Light flooded the room, bouncing off the shinny marble floors and illuminating the wide-open space. The room was huge, the ceilings here at the front of the chamber soaring the entire three stories. Combined with the giant windows lining the front wall, it almost seemed as if she were still outside. She shook her head. What an egomaniacal show of grandeur.She took in the leather sofas and rock-back chairs surrounded it, making a conversation area. Other well-appointed sitting areas were arranged here and there around the big room as well. At the back of the room, a wide staircase led to a balcony with several doors running along its back wall. Bedrooms, she presumed.

She looked to Demola, who’d moved into the room and set her bag on one of the sofas. “Did anyone besides my father live here?”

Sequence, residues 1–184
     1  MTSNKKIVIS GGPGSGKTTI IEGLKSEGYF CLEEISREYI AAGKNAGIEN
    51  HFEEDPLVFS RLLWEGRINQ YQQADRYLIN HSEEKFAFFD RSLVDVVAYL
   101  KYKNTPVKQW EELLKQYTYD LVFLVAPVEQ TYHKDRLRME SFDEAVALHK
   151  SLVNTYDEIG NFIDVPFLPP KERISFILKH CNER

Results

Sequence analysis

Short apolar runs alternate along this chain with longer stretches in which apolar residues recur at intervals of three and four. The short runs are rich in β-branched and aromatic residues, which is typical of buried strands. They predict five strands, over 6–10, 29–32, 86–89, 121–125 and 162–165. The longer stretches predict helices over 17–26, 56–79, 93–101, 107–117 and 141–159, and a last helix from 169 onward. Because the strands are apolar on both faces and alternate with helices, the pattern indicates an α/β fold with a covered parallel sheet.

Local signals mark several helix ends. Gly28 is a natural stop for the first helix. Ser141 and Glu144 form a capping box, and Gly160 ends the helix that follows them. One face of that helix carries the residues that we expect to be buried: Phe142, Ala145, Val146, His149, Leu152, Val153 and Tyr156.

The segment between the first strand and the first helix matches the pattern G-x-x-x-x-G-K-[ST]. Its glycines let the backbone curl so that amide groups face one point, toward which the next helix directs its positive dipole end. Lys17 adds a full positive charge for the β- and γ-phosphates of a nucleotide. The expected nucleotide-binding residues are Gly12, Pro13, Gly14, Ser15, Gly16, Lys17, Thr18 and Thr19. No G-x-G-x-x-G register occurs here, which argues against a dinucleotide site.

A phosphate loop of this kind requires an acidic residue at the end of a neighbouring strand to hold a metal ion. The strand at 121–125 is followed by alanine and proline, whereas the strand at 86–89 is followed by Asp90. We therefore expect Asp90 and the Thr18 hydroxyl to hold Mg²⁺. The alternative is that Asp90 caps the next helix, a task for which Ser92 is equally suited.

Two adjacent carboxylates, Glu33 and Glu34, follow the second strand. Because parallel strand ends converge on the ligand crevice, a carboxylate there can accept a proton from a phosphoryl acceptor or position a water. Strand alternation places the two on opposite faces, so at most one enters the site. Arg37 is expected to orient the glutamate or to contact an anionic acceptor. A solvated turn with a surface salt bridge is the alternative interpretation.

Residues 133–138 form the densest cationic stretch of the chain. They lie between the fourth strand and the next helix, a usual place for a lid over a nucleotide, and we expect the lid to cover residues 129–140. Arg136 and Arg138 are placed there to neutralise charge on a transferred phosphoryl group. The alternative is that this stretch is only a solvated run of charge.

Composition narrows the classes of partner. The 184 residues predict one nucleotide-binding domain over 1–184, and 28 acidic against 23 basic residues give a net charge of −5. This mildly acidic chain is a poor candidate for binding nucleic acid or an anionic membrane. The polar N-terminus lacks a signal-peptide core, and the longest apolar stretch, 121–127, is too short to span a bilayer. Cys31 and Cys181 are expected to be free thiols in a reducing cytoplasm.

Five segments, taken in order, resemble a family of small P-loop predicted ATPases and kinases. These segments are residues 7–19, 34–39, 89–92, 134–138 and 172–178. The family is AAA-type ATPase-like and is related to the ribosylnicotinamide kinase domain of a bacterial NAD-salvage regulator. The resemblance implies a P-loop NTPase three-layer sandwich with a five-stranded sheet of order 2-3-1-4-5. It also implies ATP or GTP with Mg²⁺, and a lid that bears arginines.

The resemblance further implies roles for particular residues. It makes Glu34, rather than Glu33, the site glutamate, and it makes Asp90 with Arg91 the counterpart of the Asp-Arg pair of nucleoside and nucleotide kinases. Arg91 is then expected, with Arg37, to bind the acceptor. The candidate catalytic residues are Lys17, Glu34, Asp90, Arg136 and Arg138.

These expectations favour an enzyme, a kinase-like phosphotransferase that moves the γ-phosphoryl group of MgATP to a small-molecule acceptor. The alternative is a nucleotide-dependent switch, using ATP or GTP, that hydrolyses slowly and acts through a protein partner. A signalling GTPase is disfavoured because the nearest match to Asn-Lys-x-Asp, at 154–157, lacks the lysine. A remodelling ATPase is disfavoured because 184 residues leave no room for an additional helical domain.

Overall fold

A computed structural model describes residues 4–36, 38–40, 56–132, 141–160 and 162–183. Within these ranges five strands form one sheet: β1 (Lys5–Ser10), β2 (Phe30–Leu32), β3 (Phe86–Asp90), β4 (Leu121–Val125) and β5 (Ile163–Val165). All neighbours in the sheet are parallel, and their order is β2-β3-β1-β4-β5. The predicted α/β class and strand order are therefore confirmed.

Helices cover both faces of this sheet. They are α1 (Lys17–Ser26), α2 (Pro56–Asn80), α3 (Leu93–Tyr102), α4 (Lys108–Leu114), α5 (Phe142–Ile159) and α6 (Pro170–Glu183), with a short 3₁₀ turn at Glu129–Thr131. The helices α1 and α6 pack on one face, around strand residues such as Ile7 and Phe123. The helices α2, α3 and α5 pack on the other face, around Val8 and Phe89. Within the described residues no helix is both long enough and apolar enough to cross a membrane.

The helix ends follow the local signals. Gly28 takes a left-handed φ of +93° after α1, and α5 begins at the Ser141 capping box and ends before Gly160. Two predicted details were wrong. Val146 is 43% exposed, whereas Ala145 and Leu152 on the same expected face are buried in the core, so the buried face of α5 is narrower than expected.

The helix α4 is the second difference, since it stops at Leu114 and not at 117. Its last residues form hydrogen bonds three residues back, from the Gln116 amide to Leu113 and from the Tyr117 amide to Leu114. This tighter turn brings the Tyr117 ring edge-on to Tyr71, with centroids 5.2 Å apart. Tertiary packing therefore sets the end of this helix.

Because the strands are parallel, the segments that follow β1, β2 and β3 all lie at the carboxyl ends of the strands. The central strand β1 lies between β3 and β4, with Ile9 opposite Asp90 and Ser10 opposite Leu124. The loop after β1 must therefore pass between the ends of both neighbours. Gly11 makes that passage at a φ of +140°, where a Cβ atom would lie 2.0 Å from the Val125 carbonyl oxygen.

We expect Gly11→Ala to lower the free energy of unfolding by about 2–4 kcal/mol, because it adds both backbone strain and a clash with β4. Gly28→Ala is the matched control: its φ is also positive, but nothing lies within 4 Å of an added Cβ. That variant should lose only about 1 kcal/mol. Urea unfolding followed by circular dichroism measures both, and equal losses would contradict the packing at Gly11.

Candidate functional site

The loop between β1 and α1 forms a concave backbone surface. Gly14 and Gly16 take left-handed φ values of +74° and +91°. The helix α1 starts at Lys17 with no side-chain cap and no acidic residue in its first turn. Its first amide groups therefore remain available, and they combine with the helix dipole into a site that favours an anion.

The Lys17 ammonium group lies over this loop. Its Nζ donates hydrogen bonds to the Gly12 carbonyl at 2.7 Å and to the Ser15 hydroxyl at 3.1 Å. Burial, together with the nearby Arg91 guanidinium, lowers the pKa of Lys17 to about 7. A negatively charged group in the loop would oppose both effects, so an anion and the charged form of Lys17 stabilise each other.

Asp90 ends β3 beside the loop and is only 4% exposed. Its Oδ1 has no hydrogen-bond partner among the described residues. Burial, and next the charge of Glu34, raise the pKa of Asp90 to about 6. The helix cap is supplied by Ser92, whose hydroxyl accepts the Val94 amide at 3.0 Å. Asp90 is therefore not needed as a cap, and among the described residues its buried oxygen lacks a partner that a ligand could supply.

He shook his head.

Of course. She strode across the floor toward a conversation area in the far corner of the room, right in front of the big windows. Demola followed her. Not close enough to invade her space. But she could feel him behind her, letting her know she had his support. It was the only thing that kept her from howling with rage. She stared at the leather sofa, the coffee table with its log legs and the giant slab of crosscut wood making up its surface. It was designed to look like someone had gone out and made it in an afternoon, but the high-gloss shine and fancy wood grain told her it was an expensive piece. Damned expensive.

She raised her gaze to the wall behind the sofa. It was lined with tall mirrors, their shiny surfaces reflecting the room and the lights and her own sorry self. She stared at her reflection.

She shook her head. How many times had her father stood here staring at his kingdom and his own vile reflection while she and her mother scrambled for food? While her mother lay dying of a disease that a little money could have gone a long way to alleviate. The arrogant bastard.